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Seminar Speaker: Mike McGehee
Electrochromic materials are highly desirable because their tinting can be adjusted by a switch or automated control to allow the ideal amount of light to pass through a window, a skyroof or eyeglasses. A key advantage of attenuating light with electrochromics is that the view is not distorted as it is when a curtain or blinds are used. Studies have shown that the heating and cooling costs of buildings can be reduced by 20% simply by using electrochromic materials to control the radiative transfer of heat into and out of the buildings. Several companies are trying to commercialize electrochromic windows, but the technology has not yet become ubiquitous because most of the windows have a bluish tint, switch slowly over approximately 20 minutes, and are slightly too expensive. We have developed a completely different approach to dynamically controlling the tinting of windows that is based on a transparent electrode similar to those used in flat-panel displays and a polymer gel containing metal ions. When a voltage is applied to the electrode, a thin film of metal that is capable of absorbing light forms. When the opposite voltage is applied, the metal is stripped away and the transparency of the window is restored. These windows are color neutral and can be switched on and off more than 5000 times without degradation. They are simpler than electrochromics and have the potential to be cost-effective when scaled up.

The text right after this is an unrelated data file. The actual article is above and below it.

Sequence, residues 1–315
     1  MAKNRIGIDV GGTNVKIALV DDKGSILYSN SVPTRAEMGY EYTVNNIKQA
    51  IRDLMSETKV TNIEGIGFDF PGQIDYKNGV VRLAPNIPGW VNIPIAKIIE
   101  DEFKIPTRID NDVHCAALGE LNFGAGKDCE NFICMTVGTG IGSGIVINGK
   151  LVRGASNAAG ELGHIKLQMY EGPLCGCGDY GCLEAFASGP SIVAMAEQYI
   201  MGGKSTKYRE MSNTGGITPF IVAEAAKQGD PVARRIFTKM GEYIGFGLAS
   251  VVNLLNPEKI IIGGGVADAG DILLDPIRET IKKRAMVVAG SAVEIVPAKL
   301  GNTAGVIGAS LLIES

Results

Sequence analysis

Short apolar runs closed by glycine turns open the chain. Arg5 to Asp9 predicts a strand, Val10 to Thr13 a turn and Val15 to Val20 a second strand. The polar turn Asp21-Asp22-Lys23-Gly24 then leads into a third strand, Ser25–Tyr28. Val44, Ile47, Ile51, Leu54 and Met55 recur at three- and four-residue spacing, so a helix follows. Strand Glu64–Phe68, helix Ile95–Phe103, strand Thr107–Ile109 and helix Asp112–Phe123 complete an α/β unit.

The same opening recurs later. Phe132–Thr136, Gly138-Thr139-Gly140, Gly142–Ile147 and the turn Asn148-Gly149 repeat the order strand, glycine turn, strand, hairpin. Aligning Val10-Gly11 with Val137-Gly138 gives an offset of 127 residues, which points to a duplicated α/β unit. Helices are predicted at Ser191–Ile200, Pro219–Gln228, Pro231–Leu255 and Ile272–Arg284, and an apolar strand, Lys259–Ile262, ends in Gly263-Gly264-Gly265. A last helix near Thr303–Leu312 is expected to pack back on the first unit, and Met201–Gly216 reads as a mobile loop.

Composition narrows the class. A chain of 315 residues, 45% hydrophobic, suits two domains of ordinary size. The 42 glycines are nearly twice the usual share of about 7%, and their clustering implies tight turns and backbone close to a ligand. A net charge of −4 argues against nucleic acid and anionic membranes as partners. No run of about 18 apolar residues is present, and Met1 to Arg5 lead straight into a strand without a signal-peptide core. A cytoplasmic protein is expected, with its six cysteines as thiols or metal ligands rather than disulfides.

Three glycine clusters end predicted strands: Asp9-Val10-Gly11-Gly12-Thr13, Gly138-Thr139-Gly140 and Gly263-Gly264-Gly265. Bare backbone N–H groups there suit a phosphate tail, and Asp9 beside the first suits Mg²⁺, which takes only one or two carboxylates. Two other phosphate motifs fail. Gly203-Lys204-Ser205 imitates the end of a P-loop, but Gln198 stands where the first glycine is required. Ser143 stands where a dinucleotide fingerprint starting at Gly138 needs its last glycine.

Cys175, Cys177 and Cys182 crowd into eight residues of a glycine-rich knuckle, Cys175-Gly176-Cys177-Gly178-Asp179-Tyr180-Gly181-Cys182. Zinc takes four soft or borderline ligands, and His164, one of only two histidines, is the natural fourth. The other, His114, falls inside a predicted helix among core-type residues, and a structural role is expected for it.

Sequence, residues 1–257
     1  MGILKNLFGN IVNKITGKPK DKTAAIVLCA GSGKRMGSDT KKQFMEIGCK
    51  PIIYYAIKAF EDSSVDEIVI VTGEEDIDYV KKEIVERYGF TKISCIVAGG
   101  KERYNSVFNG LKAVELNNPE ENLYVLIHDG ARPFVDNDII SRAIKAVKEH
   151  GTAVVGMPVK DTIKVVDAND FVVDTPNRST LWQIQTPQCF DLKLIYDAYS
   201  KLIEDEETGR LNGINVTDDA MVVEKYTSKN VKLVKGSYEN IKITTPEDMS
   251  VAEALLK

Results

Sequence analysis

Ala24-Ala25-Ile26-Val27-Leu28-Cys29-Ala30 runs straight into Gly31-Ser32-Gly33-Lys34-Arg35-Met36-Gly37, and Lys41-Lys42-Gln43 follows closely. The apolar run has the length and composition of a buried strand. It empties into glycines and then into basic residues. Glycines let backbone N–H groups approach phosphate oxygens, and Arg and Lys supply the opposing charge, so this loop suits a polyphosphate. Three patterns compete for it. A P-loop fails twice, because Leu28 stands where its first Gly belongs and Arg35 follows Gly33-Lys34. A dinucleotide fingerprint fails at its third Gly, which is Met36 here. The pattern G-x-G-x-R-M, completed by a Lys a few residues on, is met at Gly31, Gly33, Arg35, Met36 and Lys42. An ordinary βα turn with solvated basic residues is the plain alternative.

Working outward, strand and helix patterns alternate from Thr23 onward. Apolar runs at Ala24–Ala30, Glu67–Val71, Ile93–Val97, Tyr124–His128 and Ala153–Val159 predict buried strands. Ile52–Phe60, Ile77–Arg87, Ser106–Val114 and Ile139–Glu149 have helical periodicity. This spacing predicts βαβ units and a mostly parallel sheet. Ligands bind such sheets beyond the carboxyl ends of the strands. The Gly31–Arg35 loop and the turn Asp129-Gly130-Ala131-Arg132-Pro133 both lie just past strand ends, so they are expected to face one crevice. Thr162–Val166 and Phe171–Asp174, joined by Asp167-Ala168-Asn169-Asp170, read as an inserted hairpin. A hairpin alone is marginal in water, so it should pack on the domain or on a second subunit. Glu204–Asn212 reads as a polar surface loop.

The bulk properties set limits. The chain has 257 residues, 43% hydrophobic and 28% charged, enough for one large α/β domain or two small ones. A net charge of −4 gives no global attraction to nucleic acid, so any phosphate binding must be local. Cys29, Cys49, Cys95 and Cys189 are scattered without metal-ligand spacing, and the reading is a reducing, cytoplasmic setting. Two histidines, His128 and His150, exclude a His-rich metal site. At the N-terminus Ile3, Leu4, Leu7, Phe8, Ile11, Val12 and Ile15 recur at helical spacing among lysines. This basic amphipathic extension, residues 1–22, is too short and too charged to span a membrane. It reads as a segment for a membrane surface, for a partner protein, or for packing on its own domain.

“Dynamic Windows with Neutral Color, High Contrast, and Excellent Durability using Reversible Metal Electrodeposition,” C. J. Barile, D. J. Slotcavage, J. Hou, M. T. Strand, T. S. Hernandez, and M. D. McGehee, Joule 1 (2017) 1.
Mike McGehee is a Professor in the Materials Science and Engineering Department and a Senior Fellow of the Precourt Institute for Energy. His research interests are developing new materials for smart windows and solar cells. He has taught courses on nanotechnology, nanocharacterization, organic semiconductors, polymer science and solar cells. He received his undergraduate degree in physics from Princeton University and his PhD degree in Materials
Science from the University of California at Santa Barbara, where he did research on polymer lasers in the lab of Nobel Laureate Alan Heeger. He won the 2007 Materials Research Society Outstanding Young Investigator Award.